Dwarfism: Medical and Psychosocial Aspects of Profound Short Stature
This landmark volume is the first to trace the exciting developments in the field of dwarfism research and treatment over the past century―particularly during the past fifty years. Dr. Betty M. Adelson, a psychologist, has unearthed and synthesized the most significant information about dwarfing conditions, from articles written a century ago to current books and specialized databases.
Highlighting the outstanding contributions of Dr. Victor McKusick and several of his colleagues, Dr. Adelson reveals how dwarfism specialists have helped redefine the nature of medical care―transforming it from an authoritarian enterprise into a holistic, collaborative venture among physicians, affected individuals, and their families.
The parent of an adult dwarf daughter, Adelson examines the social forces that affect the dwarfism community. She offers personal descriptions of the day-to-day challenges dwarf individuals face and portrays their accomplishments. Insightful and accessible, this work will prove a valuable resource for affected individuals, their families, and medical professionals―physicians, nurses, genetic counselors, social workers, psychologists, and medical students.
Life Is Short (No Pun Intended): Love, Laughter, and Learning to Enjoy Every Moment
From the beloved stars of TLC’s The Little Couple comes an uplifting and moving behind-the-scenes account of how the pair met, fell in love, and overcame huge obstacles to become successful professionals and parents.
Jennifer Arnold and Bill Klein have inspired millions as stars of TLC’s hit show The Little Couple. Though they both have dwarfism, they have knocked down every obstacle they have encountered together with a positive, can-do attitude. The show has featured the lives of Jennifer (a respected neonatologist) and Bill (a successful entrepreneur) from their marriage in 2009, to the launch of their pet shop, to the adoption of their children, to Jen’s overcoming cancer.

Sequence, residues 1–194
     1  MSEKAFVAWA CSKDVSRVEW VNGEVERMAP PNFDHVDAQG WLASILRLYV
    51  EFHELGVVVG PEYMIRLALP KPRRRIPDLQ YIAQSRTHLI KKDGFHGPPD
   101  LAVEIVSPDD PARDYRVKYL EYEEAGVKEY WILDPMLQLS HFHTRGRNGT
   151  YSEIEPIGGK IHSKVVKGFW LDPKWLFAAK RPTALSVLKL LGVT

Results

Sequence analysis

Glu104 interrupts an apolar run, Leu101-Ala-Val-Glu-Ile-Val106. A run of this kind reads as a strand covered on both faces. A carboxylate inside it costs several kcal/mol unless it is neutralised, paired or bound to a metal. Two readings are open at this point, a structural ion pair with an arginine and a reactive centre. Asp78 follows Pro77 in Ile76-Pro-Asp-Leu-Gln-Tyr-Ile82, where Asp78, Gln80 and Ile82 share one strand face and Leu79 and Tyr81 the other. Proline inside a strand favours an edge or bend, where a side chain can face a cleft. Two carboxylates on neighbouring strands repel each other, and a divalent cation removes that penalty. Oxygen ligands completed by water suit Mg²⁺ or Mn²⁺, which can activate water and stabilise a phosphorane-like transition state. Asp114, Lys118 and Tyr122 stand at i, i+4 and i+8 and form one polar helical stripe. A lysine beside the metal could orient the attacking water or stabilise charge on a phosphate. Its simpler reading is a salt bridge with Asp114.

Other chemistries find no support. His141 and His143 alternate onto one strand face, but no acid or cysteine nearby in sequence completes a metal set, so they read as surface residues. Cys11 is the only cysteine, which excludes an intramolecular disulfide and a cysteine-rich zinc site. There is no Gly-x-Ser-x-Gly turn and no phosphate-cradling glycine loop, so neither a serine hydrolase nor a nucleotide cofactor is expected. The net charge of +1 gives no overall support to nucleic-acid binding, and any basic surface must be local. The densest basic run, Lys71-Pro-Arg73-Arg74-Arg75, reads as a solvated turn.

Now, for the first time Jen and Bill are letting readers into their private lives with behind-the-scenes, never-before-told stories about how they fell in love, what inspires them, and the passions that drive their success. They will open up about their struggles with cancer, infertility, adoption, and simply living life in a challenging world.
Jen and Bill have a simple purpose in life: make the world a better place through encouragement and education. A must-have for fans of the show or anyone who has ever faced a difficult obstacle, Life Is Short (No Pun Intended) gives readers a glance at what inspires these positive people to approach life with such optimism and share their lives with the public every day.
The Thing About Georgie
As far as Georgie is concerned, everyone has a “thing”.
The thing about poodles is that Georgie Bishop hates to walk them.
The thing about Jeanie the Meanie is that she would rather write on her shoe than help Georgie with their Abraham Lincoln project.